Vitamin D is a fat-soluble vitamin that promotes the absorption of calcium from our diet, keeping our bones strong and healthy.

Vitamin D is primarily made in skin exposed to the ultraviolet B (UVB) rays of the sun. To get an adequate amount of vitamin D, try letting the sun shine on your arms and legs twice a week for about five to 30 minutes. The best time to do this is between 10am and 3pm. If you have paler skin, you need less sun exposure than those with darker skin.

The melanin pigment in dark skin provides natural protection against the absorption of ultraviolet rays, which is why people with darker skins need greater sun exposure to make the same amount of vitamin D. In the elderly, the re​commended sun exposure may not be sufficient since ageing affects the skin’s ability to convert sunlight into vitamin D efficiently. A vitamin D deficiency can put you at a higher risk of serious medical conditions such as osteoporosis.

Food sources of Vitamin D & recommended daily allowances (RDA)

Age groupDaily Recommended Dietary Allowance (RDA) Of Vitamin D (In Micrograms)
18 years and above2.5mcg
Pregnant and lactating women10mcg
Children, 7 to 18 years2.5mcg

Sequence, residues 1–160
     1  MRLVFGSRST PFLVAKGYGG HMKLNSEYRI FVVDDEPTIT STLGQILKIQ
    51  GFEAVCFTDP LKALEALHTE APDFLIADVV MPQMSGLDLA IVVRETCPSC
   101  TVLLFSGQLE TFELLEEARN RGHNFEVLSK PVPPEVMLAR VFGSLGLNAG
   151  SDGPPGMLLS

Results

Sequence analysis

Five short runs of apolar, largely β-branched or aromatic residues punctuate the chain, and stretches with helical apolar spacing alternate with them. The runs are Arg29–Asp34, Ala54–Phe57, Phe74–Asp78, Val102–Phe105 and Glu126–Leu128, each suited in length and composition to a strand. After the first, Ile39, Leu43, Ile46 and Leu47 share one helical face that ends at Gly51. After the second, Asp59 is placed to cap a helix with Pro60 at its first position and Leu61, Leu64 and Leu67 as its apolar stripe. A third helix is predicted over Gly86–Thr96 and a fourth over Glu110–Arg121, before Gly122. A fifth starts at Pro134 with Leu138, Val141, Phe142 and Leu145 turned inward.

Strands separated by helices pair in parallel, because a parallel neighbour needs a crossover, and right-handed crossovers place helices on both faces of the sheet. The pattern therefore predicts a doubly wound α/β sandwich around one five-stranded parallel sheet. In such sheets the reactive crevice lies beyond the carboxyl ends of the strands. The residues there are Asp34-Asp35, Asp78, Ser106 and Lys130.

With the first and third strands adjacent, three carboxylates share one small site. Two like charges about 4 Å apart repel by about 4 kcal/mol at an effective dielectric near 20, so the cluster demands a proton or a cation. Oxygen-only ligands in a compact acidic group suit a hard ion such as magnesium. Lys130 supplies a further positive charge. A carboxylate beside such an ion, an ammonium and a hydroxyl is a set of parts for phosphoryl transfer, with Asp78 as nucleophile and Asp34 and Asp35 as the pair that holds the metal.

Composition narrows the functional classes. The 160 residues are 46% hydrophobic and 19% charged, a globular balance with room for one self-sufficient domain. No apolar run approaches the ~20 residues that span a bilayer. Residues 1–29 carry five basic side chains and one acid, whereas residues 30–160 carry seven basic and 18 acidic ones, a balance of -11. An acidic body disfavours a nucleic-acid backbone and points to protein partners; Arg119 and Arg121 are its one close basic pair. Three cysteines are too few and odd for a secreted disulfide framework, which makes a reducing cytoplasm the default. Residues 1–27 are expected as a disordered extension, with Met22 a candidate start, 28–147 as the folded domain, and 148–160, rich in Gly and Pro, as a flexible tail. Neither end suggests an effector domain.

Girls, 5 to < 7 years10.5mcg
Boys, 5 to < 7 years10mcg
Children, 3 months to < 7 years10mcg

Source: Health Promotion Board (HPB) Singapore

Helpful fact: Vitamin D requirements and nutritional analysis are sometimes listed in international units (IU). For conversion purposes, 1mcg is equal to 40 IU of vitamin D.

Food sources of vitamin D include eggs, liver, oily fish like salmon, sardine and mackerel and fortified food products such as selected brands of milk, soymilk, yogurt, orange juice, ready-to-eat cereals and margarine.

Below are some examples of foods with vitamin D:

Food sourceVitamin D
Cooked salmon, 3oz (90g)11.17mcg (447 IU)
Egg yolk, 1 large1.02mcg (41 IU)
Fortified milk, 1 cup (250ml) 2.87-3.1mcg (115-124 IU)
Fortified cereal, 1 cup 1mcg (40 IU)
Cod liver oil, 1 tbsp (15ml)34mcg (1,360 IU)

Source: National Institutes of Health (NIH) USA

Vitamin D supplements

Supplements are only beneficial if you are unable to obtain sufficient vitamin D from food and sun exposure. In the case of supplements, more is not better. It is important not to exceed the HPB’s recommended dietary allowance (RDA) of vitamin D (see RDA table above) to avoid side effects and toxic build-up in the body. Fat-soluble vitamins like vitamin D can build up in the body and are not as easily eliminated as water-soluble vitamins.

Always check with your doctor or dietitian before starting a vitamin D supplement or any high-dosage supplement.

Look out for side effects of Vitamin D

Vitamin D toxicity results from taking excessive amounts of vitamin D supplements. Possible side effects of too much vitamin D include:

  1. Loss of appetite
  2. Weak bones
  3. Weak muscles
  4. Kidney stones

Ref: T12